+ Site Statistics
References:
54,258,434
Abstracts:
29,560,870
PMIDs:
28,072,757
+ Search Articles
+ Subscribe to Site Feeds
Most Shared
PDF Full Text
+ PDF Full Text
Request PDF Full Text
+ Follow Us
Follow on Facebook
Follow on Twitter
Follow on LinkedIn
+ Translate
+ Recently Requested

Preferred reporting items for systematic reviews and meta-analyses (PRISMA) statement and publication bias



Preferred reporting items for systematic reviews and meta-analyses (PRISMA) statement and publication bias



Journal of Cranio-Maxillo-Facial Surgery 39(2): 91-92



Publication bias is a major problem in evidence based medicine. As well as positive outcome studies being preferentially published or followed by full text publication authors are also more likely to publish positive results in English-language journals. This unequal distribution of trials leads to a selection bias in evidence l level studies, like systematic reviews, meta-analysis or health technology assessments followed by a systematic failure of interpretation and in clinical decisions. Publication bias in a systematic review occurs mostly during the selection process and a transparent selection process is necessary to avoid such bias. For systematic reviews/meta-analysis the PRISMA-statement (formerly known as QUOROM) is recommended, as it gives the reader for a better understanding of the selection process. In the future the use of trial registration for minimizing publication bias, mechanisms to allow easier access to the scientific literature and improvement in the peer review process are recommended to overcome publication bias. The use of checklists like PRISMA is likely to improve the reporting quality of a systematic review and provides substantial transparency in the selection process of papers in a systematic review.

(PDF emailed within 0-6 h: $19.90)

Accession: 055117179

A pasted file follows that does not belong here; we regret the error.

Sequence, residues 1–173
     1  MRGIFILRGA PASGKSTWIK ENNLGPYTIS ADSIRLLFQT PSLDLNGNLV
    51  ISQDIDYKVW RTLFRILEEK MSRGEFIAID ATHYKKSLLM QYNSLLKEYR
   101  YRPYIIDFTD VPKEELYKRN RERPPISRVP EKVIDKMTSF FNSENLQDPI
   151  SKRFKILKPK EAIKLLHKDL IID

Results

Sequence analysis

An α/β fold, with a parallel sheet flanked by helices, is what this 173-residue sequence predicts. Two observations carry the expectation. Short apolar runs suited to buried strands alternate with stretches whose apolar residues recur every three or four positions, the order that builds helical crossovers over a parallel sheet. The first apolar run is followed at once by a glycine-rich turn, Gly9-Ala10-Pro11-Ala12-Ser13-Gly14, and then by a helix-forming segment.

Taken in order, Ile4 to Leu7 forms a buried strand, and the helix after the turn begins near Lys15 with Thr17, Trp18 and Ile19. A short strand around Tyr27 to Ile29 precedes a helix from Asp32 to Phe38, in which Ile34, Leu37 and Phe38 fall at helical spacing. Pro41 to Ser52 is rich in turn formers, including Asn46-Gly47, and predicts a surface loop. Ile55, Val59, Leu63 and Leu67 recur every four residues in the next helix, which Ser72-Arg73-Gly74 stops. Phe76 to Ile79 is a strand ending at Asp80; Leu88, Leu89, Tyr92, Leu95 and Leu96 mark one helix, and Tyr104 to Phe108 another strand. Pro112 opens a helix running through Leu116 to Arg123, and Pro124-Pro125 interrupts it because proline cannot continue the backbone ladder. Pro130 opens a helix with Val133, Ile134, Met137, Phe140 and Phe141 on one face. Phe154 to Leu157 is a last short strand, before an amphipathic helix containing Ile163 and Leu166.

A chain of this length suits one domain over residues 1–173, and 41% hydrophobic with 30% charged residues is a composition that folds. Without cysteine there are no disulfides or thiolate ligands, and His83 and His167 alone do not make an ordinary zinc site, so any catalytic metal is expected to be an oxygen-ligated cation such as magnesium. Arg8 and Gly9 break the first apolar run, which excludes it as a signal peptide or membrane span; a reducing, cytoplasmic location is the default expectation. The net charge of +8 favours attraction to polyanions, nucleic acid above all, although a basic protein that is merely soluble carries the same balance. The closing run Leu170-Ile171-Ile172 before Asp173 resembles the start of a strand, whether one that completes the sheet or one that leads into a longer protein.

Download citation: RISBibTeXText

PMID: 21145753

DOI: 10.1016/j.jcms.2010.11.001


Related references

Preferred reporting items for systematic reviews and meta-analyses: the PRISMA statement. Plos Medicine 6(7): E1000097-E1000097, 2009

Preferred reporting items for systematic reviews and meta-analyses: the PRISMA statement. International Journal of Surgery 8(5): 336-341, 2010

Preferred reporting items for systematic reviews and meta-analyses: the PRISMA statement. Journal of Clinical Epidemiology 62(10): 1006-1012, 2009

Reprint--preferred reporting items for systematic reviews and meta-analyses: the PRISMA statement. Physical Therapy 89(9): 873-880, 2009

Evaluation of the endorsement of the preferred reporting items for systematic reviews and meta-analysis (PRISMA) statement on the quality of published systematic review and meta-analyses. Plos One 8(12): E83138-E83138, 2014

Evaluations of the uptake and impact of the Preferred Reporting Items for Systematic reviews and Meta-Analyses (PRISMA) Statement and extensions: a scoping review. Systematic Reviews 6(1): 263-263, 2018

Quality of reporting of systematic reviews and meta-analyses: PRISMA (Preferred Reporting Items for Systematic reviews and Meta-Analyses). Rofo 183(12): 1106-1110, 2012

Preferred Reporting Items for Systematic Review and Meta-Analyses of individual participant data: the PRISMA-IPD Statement. JAMA 313(16): 1657-1665, 2015

Compliance of systematic reviews in veterinary journals with Preferred Reporting Items for Systematic Reviews and Meta-Analysis (PRISMA) literature search reporting guidelines. Journal of the Medical Library Association 105(3): 233-239, 2018

Jurors' and Judges' Evaluation of Defendants with Autism and the Impact on Sentencing: A Systematic Preferred Reporting Items for Systematic Reviews and Meta-analyses (PRISMA) Review of Autism Spectrum Disorder in the Courtroom. Journal of Law and Medicine 25(1): 105-123, 2018

Association of study quality with completeness of reporting: have completeness of reporting and quality of systematic reviews and meta-analyses in major radiology journals changed since publication of the PRISMA statement?. Radiology 269(2): 413-426, 2014

Preferred reporting items for systematic review and meta-analysis protocols (PRISMA-P) 2015 statement. Systematic Reviews 4: 1-1, 2015

Preferred Reporting Items for a Systematic Review and Meta-analysis of Diagnostic Test Accuracy Studies: The PRISMA-DTA Statement. JAMA 319(4): 388-396, 2018

The EQUATOR Network and the PRISMA Statement for the reporting of systematic reviews and meta-analyses. PhysioTherapy 95(4): 237-240, 2010

Preferred Reporting Items for Systematic Reviews and Meta-Analyses. Oncology Nursing Forum 42(5): 552-554, 2016